Post-event massage is usually given 1–2 hours after the competition is over in order to give dilated blood vessels a chance to return to their normal condition. Post-event massage is light and gentle in order not to damage already stressed muscles. The goal is to speed up removal of toxic waste products and reduce swelling. Very light effleurage will decrease swelling while light petrissage will help clear away toxins and relieve tense, stiff muscles. Post-event massage can be self-administered on some parts of the body, such as the legs.

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Obviously, open sores to the hands and/or feet would be a reason to avoid reflexology. Acute injuries also must be handled with care. Anyone with active blood clots should avoid rubbing near the area of the clot. Burns, wounds, gout and infections to the hands or feet should also limit the use of reflexology. Lower extremity swelling or chronic skin changes that are a result of vascular problems to the feet should also limit this form of therapy. Recent removal of a cancerous tumor or other surgical procedures, such as wart removal, also make reflexology inadvisable. There is some evidence that rubbing of the feet during pregnancy might stimulate contractions, and so should be avoided in the later stages of pregnancy.

Trigger points or stress points may also cause muscle soreness and decreased flexibility. These points are specific spots in muscle and tendons which cause pain when pressed, and which may radiate pain to a larger area. They are not bruises, but are thought by some to be small areas of spasm. Trigger points may be caused by sudden trauma (like falling or being hit), or may develop over time from the stress and strain of heavy physical exertion or from repeated use of a particular muscle.


The swedish massage was created in the 18th century by Per Henrick Ling, who incorporated his knowledge of physiology and gymanstics, along with Chinese, Roman, Greek, and egyptian techniques. This massage is a full body treatment and includes long strokes, kneading motions, friction, as well as stretching.  Originally called the Swedish Movement Cure.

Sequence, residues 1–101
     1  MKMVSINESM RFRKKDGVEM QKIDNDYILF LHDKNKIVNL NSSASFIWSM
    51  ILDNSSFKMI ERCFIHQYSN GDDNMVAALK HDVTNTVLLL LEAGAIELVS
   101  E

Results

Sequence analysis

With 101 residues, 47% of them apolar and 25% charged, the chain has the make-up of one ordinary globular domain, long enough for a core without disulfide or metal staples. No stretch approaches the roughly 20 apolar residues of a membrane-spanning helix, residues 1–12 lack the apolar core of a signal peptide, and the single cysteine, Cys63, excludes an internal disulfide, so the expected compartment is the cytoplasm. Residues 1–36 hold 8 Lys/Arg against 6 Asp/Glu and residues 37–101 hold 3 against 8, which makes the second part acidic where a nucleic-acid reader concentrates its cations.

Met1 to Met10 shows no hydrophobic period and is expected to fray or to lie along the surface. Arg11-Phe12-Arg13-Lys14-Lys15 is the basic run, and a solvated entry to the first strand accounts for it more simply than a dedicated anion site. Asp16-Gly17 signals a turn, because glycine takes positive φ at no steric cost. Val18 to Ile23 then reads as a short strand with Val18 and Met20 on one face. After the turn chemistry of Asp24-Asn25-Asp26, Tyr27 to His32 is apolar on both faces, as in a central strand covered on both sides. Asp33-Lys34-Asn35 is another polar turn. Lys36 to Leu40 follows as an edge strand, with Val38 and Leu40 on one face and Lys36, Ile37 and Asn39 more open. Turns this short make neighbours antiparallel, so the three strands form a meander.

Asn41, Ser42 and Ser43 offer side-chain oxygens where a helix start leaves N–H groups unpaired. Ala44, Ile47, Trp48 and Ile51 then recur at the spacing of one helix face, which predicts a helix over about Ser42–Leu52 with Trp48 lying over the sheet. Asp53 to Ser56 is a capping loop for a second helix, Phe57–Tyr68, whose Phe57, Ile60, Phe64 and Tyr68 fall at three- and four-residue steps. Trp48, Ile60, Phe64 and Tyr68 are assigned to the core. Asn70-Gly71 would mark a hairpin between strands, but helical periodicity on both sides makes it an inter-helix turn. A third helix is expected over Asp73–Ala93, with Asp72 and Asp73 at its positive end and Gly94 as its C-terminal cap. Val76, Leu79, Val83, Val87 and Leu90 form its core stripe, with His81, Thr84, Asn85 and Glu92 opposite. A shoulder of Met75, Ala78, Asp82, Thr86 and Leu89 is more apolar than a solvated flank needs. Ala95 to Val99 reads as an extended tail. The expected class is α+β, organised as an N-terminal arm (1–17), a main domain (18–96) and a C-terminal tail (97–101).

Athletes tend to know their bodies fairly well, so information presented to the therapist seems to be better. Compared to the general client, the athlete is also in good shape and is concerned about getting back to the field of play as soon as possible. Some athletes have an obsessive compulsive behavior about their sport. This generally makes them very compliant with the therapists’ recommendations. 
Sports massage can be an interesting career choice for therapists who want to do it full time. Professional sports teams often have massage therapists on staff to keep athletes' bodies working at their very best. It helps to have a keen interest in anatomy and physiology, advanced training and experience in sports massage, an interest in sports, and a desire to work with athletes.
You’d hope this sort of thing would be rare, but it’s not. Readers regularly tell me about massage therapists who do not ask them what they want, who dismiss their patients’ concerns about pressure, and who ignore signs that their clients are in pain. They display a “doctor knows best” arrogance — ironic for an alternative health care professional — imposing their own idea of the “right” intensity.

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Now for some benefits that are not supported by research. The ability of sports massage to help the muscles get rid of lactic acid is not supported in research studies. Many researchers feel this is linked to the fact that sports massage does not increase blood flow to muscles. For example, a 2010 study found that blood flow was actually mechanically impeded by massage and that was a possible reason that lactic acid removal was impaired. A quicker recovery after sports massage is not yet supported by the research. Studies do support that active recovery (low-intensity exercise after work-out) is the best method of decreasing the amount of lactic acid that builds up after exercise and speeds recovery.

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Massage may be an appropriate technique for helping certain sports injuries, especially muscle injuries, to heal. When treating an injury, however, it is best to seek advice from a qualified sports therapist or a specialist in sports medicine before performing any massage. Certain ligament and joint injuries that need immobilization and expert attention may be aggravated by massage.

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